Listening to your record is interesting because, on certain songs, I feel like I can kind of trace the influences back to Carpenter, or like Deine Lakaien, Koji Kondo — all these different schools of the genre — but then totally fucked up and subverted in a weirdo sheen.
Yeah, totally. I gotta throw my flavas onto stuff. You never want to do an exact rip of stuff, but I’m definitely influenced by all that music, and a lot of stuff I was influenced by the shit I did as a kid. That track “Salome” I wrote in 1982. I found the old cassette tape and recreated it note for note. I mean, shit, there’s a goddamn Beethoven cover on there, Wendy Carlos-style. It’s cool because at the same time of John Carpenter soundtracks — and what you’d expect to see in horror films in the ’80s — at the same time, you’ve got a lot of erotic French and Italian movies where guys are playing synthesizers, but they’re playing them almost classically. So, you’ve got these weird, really pretty synth things, and I was trying to get that on “Lento Romantico.” But trying to get that kind of feeling, growing up, it’s all you’d see at like 2AM on HBO were these weird French Italian films, and all the music was super synthy and really cool. Those guys went to town. Even though it was a French erotic film, they went balls to the wall. They hired some guy that probably did orchestras in the ’60s, like, “What ees thees synthesizer?!” I mean, synthesizers weren’t just owned by John Carpenter in the ’80s; they were owned by a variety of musicians. Videodrome is a great example of weird shit, decades ahead of glitchy chiptunes stuff. It’s pretty fresh.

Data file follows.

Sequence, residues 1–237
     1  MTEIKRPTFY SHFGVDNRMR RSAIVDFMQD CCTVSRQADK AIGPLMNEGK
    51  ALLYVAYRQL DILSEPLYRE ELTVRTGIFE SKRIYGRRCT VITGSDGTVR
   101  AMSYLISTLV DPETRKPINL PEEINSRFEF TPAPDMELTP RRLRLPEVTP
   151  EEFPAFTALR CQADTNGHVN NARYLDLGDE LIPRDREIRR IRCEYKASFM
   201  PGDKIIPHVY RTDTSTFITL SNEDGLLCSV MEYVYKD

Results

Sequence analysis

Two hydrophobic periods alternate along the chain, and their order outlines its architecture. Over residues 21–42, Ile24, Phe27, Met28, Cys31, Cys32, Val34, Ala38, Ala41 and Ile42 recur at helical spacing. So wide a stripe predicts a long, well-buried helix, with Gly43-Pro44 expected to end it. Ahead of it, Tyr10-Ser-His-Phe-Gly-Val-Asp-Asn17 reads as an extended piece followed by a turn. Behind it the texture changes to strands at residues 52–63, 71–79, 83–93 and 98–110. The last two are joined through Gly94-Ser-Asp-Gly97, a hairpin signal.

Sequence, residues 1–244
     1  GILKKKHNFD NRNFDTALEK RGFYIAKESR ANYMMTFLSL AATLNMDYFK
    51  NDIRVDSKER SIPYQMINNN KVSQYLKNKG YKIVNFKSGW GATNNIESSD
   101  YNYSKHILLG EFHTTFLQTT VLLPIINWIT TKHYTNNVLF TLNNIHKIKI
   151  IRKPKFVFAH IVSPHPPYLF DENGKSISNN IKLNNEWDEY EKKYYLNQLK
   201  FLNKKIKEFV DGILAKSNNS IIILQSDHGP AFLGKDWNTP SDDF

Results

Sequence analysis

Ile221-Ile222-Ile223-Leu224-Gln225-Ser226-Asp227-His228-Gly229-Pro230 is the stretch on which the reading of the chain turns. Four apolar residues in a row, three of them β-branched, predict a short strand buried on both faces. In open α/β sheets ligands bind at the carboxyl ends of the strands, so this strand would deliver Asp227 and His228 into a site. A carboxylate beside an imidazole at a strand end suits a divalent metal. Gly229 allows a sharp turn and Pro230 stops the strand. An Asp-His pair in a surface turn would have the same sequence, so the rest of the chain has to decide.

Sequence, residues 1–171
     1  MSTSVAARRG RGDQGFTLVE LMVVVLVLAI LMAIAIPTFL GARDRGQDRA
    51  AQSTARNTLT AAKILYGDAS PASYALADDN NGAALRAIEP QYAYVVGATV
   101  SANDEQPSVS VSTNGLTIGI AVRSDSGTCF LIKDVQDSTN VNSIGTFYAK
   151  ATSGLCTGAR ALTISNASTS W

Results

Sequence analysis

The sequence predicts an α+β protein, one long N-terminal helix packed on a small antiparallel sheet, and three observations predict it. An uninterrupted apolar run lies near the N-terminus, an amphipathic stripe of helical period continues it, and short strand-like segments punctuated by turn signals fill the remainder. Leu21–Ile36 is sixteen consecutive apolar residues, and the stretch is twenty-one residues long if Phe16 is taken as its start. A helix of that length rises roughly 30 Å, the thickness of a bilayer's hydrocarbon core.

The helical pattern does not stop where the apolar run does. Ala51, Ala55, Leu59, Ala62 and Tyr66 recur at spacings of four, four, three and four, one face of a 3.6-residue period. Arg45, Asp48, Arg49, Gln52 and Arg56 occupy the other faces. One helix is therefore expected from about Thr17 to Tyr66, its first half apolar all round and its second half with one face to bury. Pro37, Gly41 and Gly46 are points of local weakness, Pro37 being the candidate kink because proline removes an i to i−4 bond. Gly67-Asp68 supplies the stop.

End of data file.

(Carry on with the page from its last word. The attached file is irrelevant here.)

What becomes your inspiration when you write an instrumental track?
Melody. I’m a big fan of melody, even in Mindless. The difference between that and this is, in Mindless, it’s all about deconstruction. I try to approach Mindless like a Picasso thing, ’cause if I wanted to write a straight hip-hop song, I’d do that; or an EDM song, whatever. So, in Mindless I’d write these very poppy melodies with punk lyrics, smash every genre together and speed up every phase a little bit, so it’s going at breakneck speeds when it gets to the live phase. We keep the songs real punk and short, like, “1-2-3, here’s the chorus, now you’re done.” And so, that’s why the Mindless stuff is weirdly catchy. People hear it once, like, “What’s this noise?” And then the second or third time, [they're] like, “I can’t get this shit out of my head.” But with the instrumental stuff, I can focus completely on the melody, because there’s no singing or message you’re trying to get across — you’re trying to accompany a movie or a video game or something that you’re doing a score for, and I love melody.